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Exceptional account traces path of Alaska serial killer Joshua Wade

  • Author: David A. James
  • Updated: November 27, 2016
  • Published November 27, 2016

Ice and Bone: Tracking an Alaskan Serial Killer

By Monte Francis; WildBlue Press; 2016; 392 pages; $16.99

As Anchorage reels from the news that the recently killed James Dale Ritchie could be the city's latest serial killer, a recent book about a murderer who stalked the streets and took at least five lives has been drawing considerable attention. "Ice and Bone: Tracking an Alaskan Serial Killer" by Monte Francis tells the story of Joshua Wade, who twice dominated headlines over high-profile murders in 2000 and 2007.

The first was the beating death of Della Brown, an Alaska Native woman found in an abandoned building in Spenard in September of 2000. After a lengthy trial notable for a lack of physical evidence, poor work by the prosecution and by a highly skilled defense team, Wade was found innocent of all charges except evidence tampering. Despite widespread belief that he was the culprit, he was a free man by the end of 2004.

The second time he came to the public's attention was when he was tied to the 2007 disappearance of Mindy Schloss, a psychiatric nurse practitioner and neighbor of Wade's who went missing that summer and whose body was later found in Wasilla, shot execution style. Because he had used Schloss's ATM card to withdraw money from her account, the crime rose to the federal level and carried a possible death penalty. Rather than risk a trial he pleaded guilty to shooting Schloss and admitted to killing Brown in exchange for a life sentence without parole.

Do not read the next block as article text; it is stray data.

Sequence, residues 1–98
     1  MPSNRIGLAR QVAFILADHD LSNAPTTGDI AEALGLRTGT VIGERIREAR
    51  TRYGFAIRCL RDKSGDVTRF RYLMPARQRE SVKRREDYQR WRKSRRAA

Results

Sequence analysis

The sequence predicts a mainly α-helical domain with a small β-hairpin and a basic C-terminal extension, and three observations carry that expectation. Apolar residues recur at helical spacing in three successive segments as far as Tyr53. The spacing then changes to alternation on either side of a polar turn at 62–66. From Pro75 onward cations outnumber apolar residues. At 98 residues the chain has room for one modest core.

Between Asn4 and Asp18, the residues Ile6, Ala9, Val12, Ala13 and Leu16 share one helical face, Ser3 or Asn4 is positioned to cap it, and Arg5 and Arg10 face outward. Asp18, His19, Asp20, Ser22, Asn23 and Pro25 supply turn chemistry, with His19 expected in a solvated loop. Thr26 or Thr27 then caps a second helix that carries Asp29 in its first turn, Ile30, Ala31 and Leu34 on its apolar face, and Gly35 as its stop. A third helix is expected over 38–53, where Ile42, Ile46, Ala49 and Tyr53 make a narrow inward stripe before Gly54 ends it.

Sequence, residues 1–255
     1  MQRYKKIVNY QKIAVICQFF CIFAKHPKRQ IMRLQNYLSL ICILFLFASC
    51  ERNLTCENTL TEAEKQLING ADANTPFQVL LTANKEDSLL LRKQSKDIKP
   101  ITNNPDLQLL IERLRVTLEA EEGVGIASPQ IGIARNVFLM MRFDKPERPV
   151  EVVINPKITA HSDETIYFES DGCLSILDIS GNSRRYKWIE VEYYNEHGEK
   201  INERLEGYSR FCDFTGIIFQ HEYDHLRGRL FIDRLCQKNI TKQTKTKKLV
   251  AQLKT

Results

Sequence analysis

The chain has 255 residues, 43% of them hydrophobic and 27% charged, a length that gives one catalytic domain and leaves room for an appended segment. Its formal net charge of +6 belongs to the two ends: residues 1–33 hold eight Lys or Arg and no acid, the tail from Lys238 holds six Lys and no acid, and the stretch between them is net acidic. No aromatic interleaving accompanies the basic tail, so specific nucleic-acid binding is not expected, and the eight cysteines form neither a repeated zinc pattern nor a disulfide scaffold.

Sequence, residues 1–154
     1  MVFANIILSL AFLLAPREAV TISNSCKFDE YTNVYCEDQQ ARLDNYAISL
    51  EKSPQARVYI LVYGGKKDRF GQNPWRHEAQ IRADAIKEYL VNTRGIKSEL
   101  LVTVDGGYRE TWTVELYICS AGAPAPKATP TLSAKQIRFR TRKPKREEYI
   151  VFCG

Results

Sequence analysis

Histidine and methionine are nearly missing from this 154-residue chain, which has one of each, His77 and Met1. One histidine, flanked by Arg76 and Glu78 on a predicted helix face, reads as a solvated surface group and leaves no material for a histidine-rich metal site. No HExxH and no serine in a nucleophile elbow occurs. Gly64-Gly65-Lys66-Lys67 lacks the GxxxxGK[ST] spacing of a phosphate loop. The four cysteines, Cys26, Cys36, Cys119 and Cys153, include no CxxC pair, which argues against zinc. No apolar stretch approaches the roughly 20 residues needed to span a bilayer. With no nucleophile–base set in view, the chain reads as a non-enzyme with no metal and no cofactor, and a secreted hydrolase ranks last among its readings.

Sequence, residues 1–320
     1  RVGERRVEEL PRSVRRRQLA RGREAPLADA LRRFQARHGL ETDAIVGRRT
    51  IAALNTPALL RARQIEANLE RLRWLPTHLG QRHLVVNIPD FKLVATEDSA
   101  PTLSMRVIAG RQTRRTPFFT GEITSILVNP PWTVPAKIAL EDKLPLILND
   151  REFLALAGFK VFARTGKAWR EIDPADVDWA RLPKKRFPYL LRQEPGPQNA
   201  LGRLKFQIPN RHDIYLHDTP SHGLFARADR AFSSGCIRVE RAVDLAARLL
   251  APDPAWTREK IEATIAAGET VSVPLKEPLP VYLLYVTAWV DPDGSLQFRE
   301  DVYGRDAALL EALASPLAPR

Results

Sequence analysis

Exceptional journalistic work

Francis, an award-winning television journalist from the San Francisco Bay area who moonlights as a true crime writer, stumbled on the story in 2014 while researching unsolved homicides. An article from September 2000 in the Anchorage Daily News discussed efforts by city police to solve the killings of six women — five Native and one African-American — over a 16-month period. That story was published in the wake of Brown's murder and before Wade was arrested in connection with it.

Speculating that the killings were linked and that Wade had carried them out, Francis traveled to Alaska and started digging. He plowed through news reports from the time, trial transcripts, police records and other sources, which he draws upon heavily. He also met with family members and friends of the victims, investigators, prosecutors and jurors. He interviewed people who knew Wade, including his father and sister.

A tremendous amount of exceptional journalistic work went into this, and the book that emerges is richly detailed and deeply sensitive toward the victims and those who loved them. And while in no way forgiving to Wade, Francis seeks to locate the human deep inside him that went terribly wrong, apparently from a very young age.